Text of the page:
Neoclassical Poetry

Topics: John Milton, Poetry, Epic poetry Pages: 2 (786 words) Published: March 6, 2011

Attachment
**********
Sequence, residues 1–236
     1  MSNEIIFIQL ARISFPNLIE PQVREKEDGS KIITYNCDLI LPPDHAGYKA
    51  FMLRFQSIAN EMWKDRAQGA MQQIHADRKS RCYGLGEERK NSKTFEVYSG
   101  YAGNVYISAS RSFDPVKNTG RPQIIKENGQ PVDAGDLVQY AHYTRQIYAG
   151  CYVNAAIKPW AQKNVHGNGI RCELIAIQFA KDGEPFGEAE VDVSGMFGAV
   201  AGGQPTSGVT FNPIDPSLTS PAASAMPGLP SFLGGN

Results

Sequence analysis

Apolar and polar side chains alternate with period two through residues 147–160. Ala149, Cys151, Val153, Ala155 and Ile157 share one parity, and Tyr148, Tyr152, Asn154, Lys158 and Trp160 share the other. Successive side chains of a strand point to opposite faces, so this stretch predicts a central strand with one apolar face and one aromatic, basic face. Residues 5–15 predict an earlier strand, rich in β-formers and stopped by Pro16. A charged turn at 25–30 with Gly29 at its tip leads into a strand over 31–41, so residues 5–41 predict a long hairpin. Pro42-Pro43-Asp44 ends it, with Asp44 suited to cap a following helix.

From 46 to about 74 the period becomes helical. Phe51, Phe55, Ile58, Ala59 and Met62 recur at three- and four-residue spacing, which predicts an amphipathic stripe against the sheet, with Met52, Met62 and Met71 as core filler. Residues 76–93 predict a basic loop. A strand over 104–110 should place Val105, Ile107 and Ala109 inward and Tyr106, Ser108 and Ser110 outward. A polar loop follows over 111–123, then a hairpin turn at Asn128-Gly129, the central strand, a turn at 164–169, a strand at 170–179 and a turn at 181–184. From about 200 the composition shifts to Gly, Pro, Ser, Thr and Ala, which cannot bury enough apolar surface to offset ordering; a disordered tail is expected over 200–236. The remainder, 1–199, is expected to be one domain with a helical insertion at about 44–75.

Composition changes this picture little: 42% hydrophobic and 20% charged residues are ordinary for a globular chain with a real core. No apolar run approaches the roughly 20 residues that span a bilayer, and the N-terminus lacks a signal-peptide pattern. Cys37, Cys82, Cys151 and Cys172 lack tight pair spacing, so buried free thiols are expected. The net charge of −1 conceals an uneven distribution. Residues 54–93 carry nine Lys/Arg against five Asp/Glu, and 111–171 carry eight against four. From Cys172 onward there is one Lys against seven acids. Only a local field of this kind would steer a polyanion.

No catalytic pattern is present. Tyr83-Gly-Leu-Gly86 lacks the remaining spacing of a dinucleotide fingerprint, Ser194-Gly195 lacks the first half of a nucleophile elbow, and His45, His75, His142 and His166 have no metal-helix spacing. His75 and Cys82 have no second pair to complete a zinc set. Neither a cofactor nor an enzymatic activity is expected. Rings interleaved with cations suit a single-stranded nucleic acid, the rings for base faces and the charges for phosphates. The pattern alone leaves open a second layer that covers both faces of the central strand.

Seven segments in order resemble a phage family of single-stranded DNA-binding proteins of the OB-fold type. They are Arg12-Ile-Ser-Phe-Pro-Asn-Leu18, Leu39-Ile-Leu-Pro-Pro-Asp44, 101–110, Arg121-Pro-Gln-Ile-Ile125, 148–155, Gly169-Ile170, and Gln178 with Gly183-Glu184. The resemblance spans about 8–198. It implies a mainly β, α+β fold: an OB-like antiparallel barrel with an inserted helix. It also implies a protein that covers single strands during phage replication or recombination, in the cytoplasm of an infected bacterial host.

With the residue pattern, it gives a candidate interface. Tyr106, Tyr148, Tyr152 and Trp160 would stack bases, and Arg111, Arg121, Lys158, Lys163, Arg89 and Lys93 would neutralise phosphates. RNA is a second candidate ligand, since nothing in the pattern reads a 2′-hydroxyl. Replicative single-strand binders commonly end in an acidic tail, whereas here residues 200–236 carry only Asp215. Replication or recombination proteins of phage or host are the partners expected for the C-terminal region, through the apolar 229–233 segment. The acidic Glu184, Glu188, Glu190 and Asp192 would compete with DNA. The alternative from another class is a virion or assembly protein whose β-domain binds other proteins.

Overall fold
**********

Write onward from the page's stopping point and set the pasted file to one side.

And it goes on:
Neoclassicism is the idea about art and literature that evolved during the 17th and 18th century greatly affected by classical tradition. Changes in culture and consciousness influenced this period. Crucially, the Neoclassical Age, also known as The Age of Reason English Literature, can be classified into The Restoration Age (1660-1700), The Augustan Age or The Age of Pope (1700-1745), The Age of Johnson or The Age of Sensibility (1745-1785). Among these, Milton had a predominant influence over the Restoration Age. His important contributions during this period were Paradise Lost. Paradise Regained and Samson Agonistes. Neoclassical poetry as such, did not have any concerted body of principles and methodology. The prominent writers shared a common view based on their response to the various ancients. They concurred regarding the concision, elegance and wit of their classical forerunners. Their poetry matched the intelligence of Horace’s Verse, beset energy of Juvenal’s Satire and the heroic raise of Homer’s Epic. Their theory of literature was shaped by a composite classical influence and which Aristotle and Horace stood out. According to the neoclassical critics, the overall meaning conveyed by any work should be the principle by which all its aspects should be assessed. Literature works of this age were judged by the impact it created and the poet was advised to adapt particular instruction and pleasure he wished to give the readers. Milton was the poet of steadfast will and purpose, who moved like a god amidst the fears, hopes and changing impulse of the world ignoring them as insignificant things, which can deviate progression of one’s purpose. This attitude made him a successful Restoration poet. “His writings were greatly influenced by the Restoration Age. He shows himself the Puritan that he was by birth and upbringing; but nurtured on the classics made popular by Renaissance, he refused to surrender his ’better judge-ment’ to sheer faith and...
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